Small bioptic telescopes mounted on glasses to help people with visual impairments have been in existence for about 60 years and are allowed for use in driving by 39 states in the U.S. Most of them were either too heavy or too ugly to be widely used. Now, a Harvard research team has developed a new generation of telescopes embedded in glasses lens. According to one of the researchers, 'one major advantage is the appearance of the glasses. Because they look almost like normal everyday spectacles, it is more likely that visually impaired people will use them.' But read more...
You can see above how will look like the next generation of the in-the-lens telescopic device. This figure "shows a conceptual simulation of the appearance of the in-the-lens Keplerian telescope." (Credit: Schepens Eye Research Institute) Pretty discrete, isn't?
This project was led by Eli Peli, a senior scientist at the Schepens Eye Research Institute which is an affiliate of Harvard Medical School. Eli Peli worked with the members of his Vision Rehabilitation Laboratory and with Fernando Vargas-Martín from the University of Murcia, Spain.
Before going further, here is some background about bioptic telescopes. "These telescopes enable a visually impaired driver to read road signs and see other objects essential for safe driving, while also viewing the larger scene in front of the vehicle. In previous designs, the telescope is mounted through the top of the regular lens or above the frame. In both cases, the telescopic eyepiece is above the wearer's pupil, requiring the driver to tilt his/her head up and down rapidly to view alternatively the magnified and unmagnified scenes. Drivers use the telescope only for a very small fraction of the driving time, looking through the regular spectacle lens most of the time."
But as I mentioned above, many people were not using these devices because of their strange look. This is why the research team designed a wide-field telescope made of straight and curved mirrors built completely within the spectacle lens, "They started with a telescope made with mirrors and lenses to prove the image shifting principle. To embed the whole telescope inside the spectacle lens they had to obtain the magnifying power from curved mirrors instead of lenses, as mirrors maintain their power when embedded inside the spectacle lens, while the lenses lose their power when not in the air. Regular spherical mirrors can not be tilted without loss of focus, so they constructed a version made with tilted parabolic mirrors. The latter worked well and was in focus, but the images were distorted enough due to the parabolic shape to cause a disturbing effect during head movements. The latest design they constructed is based on spherical and flat mirrors with the flat mirrors implemented as tilted beam splitters that use polarization to reduce light loss."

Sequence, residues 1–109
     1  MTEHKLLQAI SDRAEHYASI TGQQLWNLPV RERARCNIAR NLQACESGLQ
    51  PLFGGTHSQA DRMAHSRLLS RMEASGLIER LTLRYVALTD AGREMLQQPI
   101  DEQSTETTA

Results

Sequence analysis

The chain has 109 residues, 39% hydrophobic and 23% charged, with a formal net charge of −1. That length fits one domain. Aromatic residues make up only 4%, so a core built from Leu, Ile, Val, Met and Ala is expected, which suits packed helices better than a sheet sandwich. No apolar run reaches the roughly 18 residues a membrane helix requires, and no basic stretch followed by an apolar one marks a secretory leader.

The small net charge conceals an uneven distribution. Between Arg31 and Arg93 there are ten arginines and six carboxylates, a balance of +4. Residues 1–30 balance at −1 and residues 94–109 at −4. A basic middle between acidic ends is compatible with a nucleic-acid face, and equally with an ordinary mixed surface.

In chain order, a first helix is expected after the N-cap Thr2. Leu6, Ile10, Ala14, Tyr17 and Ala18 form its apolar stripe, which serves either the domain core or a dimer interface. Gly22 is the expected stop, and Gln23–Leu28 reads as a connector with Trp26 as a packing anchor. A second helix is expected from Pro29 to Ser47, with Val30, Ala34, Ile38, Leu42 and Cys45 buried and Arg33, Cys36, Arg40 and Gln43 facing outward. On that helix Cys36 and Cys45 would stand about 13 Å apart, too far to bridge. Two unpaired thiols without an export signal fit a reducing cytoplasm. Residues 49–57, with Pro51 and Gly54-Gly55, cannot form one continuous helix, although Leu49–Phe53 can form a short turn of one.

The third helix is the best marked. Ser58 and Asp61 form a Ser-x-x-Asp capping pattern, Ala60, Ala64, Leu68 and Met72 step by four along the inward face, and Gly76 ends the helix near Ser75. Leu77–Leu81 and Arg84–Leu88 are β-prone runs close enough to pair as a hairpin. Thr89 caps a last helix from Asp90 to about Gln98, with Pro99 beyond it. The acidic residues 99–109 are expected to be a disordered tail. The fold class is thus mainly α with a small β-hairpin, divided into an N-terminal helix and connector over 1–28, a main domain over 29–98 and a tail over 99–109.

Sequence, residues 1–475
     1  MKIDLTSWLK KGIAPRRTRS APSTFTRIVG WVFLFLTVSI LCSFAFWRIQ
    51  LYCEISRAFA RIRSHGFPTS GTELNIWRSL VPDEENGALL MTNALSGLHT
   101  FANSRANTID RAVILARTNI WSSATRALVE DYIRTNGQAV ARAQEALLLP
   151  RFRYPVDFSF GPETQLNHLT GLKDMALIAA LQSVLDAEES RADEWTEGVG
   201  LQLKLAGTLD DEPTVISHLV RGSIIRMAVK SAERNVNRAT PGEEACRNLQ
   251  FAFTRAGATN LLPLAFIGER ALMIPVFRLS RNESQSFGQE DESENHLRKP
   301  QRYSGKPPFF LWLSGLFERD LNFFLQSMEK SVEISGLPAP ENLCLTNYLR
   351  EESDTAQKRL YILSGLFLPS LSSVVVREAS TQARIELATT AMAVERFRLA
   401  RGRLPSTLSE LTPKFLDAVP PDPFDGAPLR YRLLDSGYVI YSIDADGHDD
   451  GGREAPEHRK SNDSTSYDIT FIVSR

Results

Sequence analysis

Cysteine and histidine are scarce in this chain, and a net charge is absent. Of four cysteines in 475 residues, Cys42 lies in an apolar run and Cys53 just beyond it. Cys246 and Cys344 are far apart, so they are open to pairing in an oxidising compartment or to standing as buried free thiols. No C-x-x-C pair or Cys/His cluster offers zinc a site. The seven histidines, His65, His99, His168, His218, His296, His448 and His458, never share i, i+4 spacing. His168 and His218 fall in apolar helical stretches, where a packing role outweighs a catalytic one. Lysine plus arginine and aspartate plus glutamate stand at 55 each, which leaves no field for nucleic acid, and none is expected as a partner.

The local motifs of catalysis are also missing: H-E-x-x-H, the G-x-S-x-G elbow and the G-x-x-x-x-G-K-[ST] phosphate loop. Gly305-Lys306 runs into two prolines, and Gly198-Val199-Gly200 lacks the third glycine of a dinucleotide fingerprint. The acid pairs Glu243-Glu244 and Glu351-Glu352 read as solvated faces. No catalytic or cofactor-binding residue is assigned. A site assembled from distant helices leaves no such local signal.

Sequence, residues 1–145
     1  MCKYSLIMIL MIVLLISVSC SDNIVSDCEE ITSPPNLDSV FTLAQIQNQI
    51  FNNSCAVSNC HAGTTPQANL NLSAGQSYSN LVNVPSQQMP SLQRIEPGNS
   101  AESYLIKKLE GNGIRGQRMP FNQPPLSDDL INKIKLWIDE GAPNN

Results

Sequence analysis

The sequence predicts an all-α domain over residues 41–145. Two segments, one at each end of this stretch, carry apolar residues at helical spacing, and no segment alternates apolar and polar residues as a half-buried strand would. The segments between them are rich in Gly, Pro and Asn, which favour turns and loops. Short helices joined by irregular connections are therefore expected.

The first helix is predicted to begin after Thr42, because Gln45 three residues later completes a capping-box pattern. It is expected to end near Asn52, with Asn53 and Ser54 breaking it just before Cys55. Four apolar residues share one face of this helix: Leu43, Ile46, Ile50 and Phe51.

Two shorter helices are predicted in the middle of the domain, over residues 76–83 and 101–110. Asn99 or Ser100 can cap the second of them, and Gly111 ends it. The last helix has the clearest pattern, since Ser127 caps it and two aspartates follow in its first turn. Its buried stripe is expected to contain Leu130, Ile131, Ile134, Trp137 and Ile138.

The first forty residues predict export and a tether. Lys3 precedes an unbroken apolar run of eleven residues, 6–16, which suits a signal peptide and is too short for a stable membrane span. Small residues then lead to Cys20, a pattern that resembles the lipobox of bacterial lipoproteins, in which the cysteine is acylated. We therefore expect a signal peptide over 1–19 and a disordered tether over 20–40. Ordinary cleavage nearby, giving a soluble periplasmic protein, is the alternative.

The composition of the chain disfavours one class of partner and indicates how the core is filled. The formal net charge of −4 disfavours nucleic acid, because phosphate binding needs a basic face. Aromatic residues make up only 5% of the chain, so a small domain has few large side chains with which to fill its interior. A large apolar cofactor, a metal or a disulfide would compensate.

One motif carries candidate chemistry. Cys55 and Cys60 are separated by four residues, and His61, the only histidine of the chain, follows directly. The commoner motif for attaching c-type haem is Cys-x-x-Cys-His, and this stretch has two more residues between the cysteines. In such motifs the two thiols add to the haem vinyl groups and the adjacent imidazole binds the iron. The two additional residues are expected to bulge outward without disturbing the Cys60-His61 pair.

This research work has been publised in the May/June 2008 issue of the Journal of Biomedical Optics under the title "In-the-spectacle-lens telescopic device" (Volume 13,Issue 3, Article 034027, June 24, 2008). Here are two links to the abstract and to the full paper (PDF format, 11 pages, 789 KB). The above picture was picked from this document.
Here is a quote from the introduction describing the work done by the team. "We designed a wide-field Keplerian telescope that is built completely within the spectacle lens. The design uses embedded mirrors inside the carrier lens for optical pathway folding, and conventional lenses or curved mirrors for magnification power. The short height of the ocular, its position, and a small tilt of the ocular mirror enable the wearer to simultaneously view the magnified field above the unmagnified view of the uninterrupted horizontal field. These features improve the cosmetics and utility of the device. The in-the-lens design allows the telescope to be mass produced as a commodity ophthalmic lens blank that can be surfaced to include the wearer's spectacle prescription."
For more information, Peli also developed techniques ho help people with low vision to better see and enjoy television. Here is a link to two documents issued by the Schepens Eye Research Institute on January 15, 2008, here and there. Here is a short quote. "'We knew it was time to address the changing technology,' says Peli, who pointed out that digital television will replace traditional television technology over the next few years due to government mandate."
Sources: Schepens Eye Research Institute press release, July 24, 2008; and various websites
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